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Ghana’s courier services attain international standards

Ghana's courier services have been placed at par with international standards following the introduction of the Pre-Arrival Assessment Report (PAAR) as a component in processing courier services in the country.

The PAAR, which has also boosted government revenue, is an integrated system, which cuts down the human elements, processes and duration of post and cargo clearance in a transparent manner, which affords all stakeholders an opportunity to know and monitor every stage of the clearance process.

Before West Blue Consulting introduced the concept last December, courier service was a tedious task as customs officers had to manually go through each of the clearance processes, including sorting, classification, valuation and examination, which involved a lot of paper work,” an official of the company said in Accra.


It caused undue delays, sometimes taking a whole day or more for one to clear a simple parcel. In some instances, a client in a quest to clear a simple parcel had to seek letters of clearance from some state institutions and agencies.

The introduction of the PAAR has, however, reduced the duration of the process and it now takes between 10 and 15 minutes to clear a parcel once all the forms have been correctly filled and bills paid where necessary.

Due to the Customs Amendments Act 905, passed in February 2015, Ghana was put on a common external tariff for West African countries, which is managed on a software platform by West Blue.

The company ensures that customs deal with classification and valuation. However, those are managed systemically on the platform with all the stakeholders integrated to make the process uniformed and straightforward.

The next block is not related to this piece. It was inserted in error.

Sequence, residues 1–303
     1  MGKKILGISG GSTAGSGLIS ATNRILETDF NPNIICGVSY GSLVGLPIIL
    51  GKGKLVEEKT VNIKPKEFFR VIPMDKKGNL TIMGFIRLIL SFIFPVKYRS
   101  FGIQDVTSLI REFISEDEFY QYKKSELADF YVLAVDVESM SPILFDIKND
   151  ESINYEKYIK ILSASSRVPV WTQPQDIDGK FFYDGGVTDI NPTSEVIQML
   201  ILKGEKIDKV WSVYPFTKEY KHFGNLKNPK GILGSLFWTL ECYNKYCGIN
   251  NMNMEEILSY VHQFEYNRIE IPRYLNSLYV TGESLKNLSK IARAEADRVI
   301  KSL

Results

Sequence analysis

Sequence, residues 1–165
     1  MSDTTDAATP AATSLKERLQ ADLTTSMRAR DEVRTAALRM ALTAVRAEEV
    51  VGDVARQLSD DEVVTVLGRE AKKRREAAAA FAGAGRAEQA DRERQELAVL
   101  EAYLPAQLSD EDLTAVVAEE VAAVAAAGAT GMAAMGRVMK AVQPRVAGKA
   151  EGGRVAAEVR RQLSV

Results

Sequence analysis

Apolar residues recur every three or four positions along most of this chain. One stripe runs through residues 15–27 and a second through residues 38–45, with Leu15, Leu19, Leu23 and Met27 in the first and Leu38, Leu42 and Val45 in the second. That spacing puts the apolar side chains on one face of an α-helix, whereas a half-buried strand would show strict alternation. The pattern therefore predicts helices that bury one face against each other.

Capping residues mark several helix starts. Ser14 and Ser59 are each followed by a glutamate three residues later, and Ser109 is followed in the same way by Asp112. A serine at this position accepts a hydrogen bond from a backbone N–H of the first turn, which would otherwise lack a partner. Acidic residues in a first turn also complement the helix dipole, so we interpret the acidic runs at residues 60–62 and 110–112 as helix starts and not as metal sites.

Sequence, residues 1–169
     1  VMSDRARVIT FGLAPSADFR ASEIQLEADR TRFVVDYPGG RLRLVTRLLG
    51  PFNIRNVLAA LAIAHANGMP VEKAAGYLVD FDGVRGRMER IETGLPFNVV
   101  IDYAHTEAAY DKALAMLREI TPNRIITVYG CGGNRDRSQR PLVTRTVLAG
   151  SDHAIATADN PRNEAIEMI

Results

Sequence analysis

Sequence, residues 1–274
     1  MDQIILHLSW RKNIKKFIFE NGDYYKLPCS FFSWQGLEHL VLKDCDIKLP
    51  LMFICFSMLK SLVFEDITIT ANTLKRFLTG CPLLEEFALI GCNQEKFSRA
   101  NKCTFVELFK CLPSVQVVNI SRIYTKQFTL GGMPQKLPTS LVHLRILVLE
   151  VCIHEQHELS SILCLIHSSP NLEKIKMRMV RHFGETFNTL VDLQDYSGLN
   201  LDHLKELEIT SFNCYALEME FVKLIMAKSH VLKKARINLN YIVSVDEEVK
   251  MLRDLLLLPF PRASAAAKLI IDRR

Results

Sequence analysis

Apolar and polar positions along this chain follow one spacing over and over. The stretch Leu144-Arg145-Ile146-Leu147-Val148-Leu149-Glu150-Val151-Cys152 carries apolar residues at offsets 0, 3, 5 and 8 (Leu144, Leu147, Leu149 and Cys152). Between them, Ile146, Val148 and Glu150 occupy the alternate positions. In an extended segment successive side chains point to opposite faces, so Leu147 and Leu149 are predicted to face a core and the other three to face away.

With the PAAR, an importer does not have to be physically present to know what stage an expected cargo has reached as the process at each and every stage could be monitored online once the importer has access to internet services.

“It is also now possible for one to know before the arrival of the cargo, what the charges are, pay straight to the banks and then sit at home and expect the parcel to be delivered.

“Selected banks that have approval for the collection of payments from declarants  - Ecobank and GCB Bank - are also hooked onto the system,” the official of West Blue said.

Efficient operations

The agencies through which the parcels or goods are imported to Ghana (DHL, FEDEX and ARAMEX) are also hooked to the system to allow for easy and efficient work flow.

The system also allows declarants who are not satisfied with charges on their courier goods or parcels to protest and subsequently call for review.


“West Blue has provided machines, scanners, laptops and printers, among other things, at the courier services centres at the Kotoka International Airport (KIA) to aid their operations. The company also provides training workshop for custom officers and other stakeholders on the efficient use of the system,” the official said.


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